Saturday, March 8, 2008

Corporate Predators

Last Friday I attended the premiere of "Burning the Future", a documentary with which an old friend is associated that provides a disturbing overview of how corporations are raping the environment of West Virginia, Kentucky and other states by cutting off the tops of entire mountains and destroying the land, killing wildlife, and poisoning the water. Here is the trailer:

This harkens back to an earlier blog entry speculating that corporations are literally the dominant life forms on the planet. That they are also predatory is no longer in question, as this film shows -- the big problem is that since they are basically etherial and virtual life forms they permit their human components to function without conscience.

Interestingly these life forms worship science and materialism as the highest value, so that their efforts induce their human components to act in a way that is pro-science, and against their conscience. The quality of conscience has atrophied in the "humans" that speak and act on behalf of these corporate monstrosities.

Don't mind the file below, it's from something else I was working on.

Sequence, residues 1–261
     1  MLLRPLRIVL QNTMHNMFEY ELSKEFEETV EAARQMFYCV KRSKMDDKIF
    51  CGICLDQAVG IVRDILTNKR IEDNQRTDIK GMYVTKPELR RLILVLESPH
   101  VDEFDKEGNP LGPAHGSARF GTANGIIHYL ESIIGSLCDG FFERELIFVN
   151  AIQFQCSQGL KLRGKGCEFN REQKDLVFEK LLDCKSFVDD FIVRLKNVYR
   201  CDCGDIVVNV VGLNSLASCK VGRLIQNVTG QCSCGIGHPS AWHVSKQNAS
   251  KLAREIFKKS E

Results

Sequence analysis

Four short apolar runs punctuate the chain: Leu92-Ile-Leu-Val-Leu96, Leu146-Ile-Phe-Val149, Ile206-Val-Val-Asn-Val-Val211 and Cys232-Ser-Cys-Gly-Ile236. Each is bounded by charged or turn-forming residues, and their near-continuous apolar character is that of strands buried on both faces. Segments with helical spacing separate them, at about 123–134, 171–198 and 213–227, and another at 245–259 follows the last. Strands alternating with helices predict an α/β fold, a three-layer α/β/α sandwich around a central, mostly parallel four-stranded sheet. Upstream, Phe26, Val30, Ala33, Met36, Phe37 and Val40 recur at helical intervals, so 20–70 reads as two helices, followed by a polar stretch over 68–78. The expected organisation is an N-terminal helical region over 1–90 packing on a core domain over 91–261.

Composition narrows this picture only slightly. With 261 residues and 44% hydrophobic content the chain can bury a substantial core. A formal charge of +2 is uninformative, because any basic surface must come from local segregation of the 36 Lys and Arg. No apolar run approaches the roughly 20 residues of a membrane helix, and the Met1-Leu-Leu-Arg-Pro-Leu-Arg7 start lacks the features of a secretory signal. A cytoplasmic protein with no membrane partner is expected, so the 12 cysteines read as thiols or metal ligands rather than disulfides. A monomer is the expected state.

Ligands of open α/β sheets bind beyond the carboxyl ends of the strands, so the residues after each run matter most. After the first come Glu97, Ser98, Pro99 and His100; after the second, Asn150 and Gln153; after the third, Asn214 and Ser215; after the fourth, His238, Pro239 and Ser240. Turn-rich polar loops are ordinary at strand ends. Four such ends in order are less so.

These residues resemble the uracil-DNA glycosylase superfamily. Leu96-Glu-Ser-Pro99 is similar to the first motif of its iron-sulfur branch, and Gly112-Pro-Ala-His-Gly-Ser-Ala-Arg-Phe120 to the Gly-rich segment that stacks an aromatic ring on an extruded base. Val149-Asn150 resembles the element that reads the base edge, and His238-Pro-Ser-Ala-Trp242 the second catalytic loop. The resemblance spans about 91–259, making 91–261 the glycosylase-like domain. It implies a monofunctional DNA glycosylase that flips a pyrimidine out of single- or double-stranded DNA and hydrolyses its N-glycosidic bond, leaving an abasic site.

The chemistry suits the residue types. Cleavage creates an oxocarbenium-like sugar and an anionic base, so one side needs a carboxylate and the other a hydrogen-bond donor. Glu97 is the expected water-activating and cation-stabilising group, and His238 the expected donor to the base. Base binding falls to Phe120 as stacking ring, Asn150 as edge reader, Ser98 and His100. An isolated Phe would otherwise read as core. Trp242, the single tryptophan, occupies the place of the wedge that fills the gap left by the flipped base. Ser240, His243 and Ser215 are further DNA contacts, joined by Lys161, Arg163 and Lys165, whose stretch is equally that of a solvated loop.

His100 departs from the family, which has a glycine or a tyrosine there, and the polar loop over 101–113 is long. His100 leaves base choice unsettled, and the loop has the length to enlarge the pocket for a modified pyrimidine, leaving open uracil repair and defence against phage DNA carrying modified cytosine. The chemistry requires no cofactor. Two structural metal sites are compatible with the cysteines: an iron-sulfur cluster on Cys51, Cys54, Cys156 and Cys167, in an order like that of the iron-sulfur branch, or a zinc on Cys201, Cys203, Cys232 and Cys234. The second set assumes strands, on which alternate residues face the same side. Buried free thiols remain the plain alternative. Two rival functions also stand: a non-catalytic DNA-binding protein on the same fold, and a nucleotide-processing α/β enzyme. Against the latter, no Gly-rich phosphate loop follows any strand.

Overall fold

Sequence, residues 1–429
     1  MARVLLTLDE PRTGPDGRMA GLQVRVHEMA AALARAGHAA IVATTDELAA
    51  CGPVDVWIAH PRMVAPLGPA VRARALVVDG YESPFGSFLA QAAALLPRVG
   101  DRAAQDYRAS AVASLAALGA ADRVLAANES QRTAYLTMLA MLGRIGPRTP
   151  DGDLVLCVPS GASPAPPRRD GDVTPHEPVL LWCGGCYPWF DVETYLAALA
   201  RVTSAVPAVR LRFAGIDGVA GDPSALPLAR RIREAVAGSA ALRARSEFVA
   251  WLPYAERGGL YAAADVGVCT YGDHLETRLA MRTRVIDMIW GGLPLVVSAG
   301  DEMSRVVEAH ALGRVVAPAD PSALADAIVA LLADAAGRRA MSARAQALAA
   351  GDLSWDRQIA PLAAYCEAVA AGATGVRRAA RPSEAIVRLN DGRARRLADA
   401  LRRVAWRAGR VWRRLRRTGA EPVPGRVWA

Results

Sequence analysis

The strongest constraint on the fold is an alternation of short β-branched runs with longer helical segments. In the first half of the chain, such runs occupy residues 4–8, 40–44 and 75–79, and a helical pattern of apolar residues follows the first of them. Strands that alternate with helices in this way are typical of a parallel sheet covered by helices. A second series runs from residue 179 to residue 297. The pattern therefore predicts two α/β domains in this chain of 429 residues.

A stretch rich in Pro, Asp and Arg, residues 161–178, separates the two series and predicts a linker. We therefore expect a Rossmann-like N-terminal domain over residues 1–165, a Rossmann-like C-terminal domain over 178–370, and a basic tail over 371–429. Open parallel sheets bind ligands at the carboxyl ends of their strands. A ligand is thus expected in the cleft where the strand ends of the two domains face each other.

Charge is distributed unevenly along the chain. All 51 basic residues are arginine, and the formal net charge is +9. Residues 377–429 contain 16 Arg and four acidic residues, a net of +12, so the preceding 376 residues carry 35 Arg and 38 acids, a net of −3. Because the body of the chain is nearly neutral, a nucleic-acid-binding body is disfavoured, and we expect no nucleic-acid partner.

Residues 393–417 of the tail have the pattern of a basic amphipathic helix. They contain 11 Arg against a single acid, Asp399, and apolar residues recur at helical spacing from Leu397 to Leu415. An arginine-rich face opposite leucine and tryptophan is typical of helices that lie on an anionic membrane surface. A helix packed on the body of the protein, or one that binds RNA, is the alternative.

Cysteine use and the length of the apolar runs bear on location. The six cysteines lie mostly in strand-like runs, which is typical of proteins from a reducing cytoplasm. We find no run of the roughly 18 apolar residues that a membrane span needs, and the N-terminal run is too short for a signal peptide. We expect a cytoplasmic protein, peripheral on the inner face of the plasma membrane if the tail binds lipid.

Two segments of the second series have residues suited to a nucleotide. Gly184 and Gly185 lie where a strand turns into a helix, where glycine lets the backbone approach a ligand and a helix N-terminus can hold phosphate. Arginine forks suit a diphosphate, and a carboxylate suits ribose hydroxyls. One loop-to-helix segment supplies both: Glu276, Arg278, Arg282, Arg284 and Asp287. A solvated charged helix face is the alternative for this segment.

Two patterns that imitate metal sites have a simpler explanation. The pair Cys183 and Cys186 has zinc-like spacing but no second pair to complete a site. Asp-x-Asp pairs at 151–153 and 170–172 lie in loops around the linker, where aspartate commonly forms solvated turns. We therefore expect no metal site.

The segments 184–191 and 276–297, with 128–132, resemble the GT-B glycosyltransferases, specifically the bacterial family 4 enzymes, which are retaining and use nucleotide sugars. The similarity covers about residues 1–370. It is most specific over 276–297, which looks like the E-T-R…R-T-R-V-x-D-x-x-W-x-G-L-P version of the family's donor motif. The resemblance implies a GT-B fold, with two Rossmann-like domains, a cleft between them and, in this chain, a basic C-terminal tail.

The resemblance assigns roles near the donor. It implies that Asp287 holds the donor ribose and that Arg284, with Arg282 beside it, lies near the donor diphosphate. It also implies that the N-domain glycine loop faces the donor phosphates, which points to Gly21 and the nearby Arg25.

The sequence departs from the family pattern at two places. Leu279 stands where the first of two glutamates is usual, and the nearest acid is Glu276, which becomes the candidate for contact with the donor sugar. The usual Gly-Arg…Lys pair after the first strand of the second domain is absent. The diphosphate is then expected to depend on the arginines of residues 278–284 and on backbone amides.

Unfortunately their actions also affect the livelihoods and lifestyles of millions of other humans, who must turn off their consciences in order to go along with the choices that these corporations manifest and promote through the corporately controlled mass media.

In the Q&A following the premiere the film maker made a point that in all of the CNN debates among candidates this issue was never raised, and even global warming was barely mentioned and never addressed with specificity (as a result of coal mining, for example). At the same time "Clean Coal" was a major sponsor of the debates.

Finally it is my view that the most imminent ecological disaster facing humans and all life on the planet currently has not been addressed with any sense of alarm since the days of Jacques Cousteau. The pollution and death of our oceans is almost certainly a condition from which our species will never recover and is no longer a matter of conjecture or debate. The fact that our beaches are spoiled is the least of our problems. When the reefs and sea lifeforms are dead we will starve and perhaps most profoundly higher life forms (cetaceans) will also become extinct.

Life will go on but homo sapiens may not survive. There may be some justice in that, since it is homo sapiens who triggered the evolution of the corporation -- basically a soul-less entity that is having disastrous effects on all life on this planet.

(Please see "Thoughts on the Holocaust" - February 11, 2008 in Archive)

It may well be as some have speculated that corporations and other similar institutions are harbingers of our (de)evolution into less conscious life forms like ants and bees whose identity is no longer individualized but manifest in a hive or colony.

Perhaps that is what Life has in store for us because of the threat we pose, in our corporate and institutional structures, to the totality of life on earth.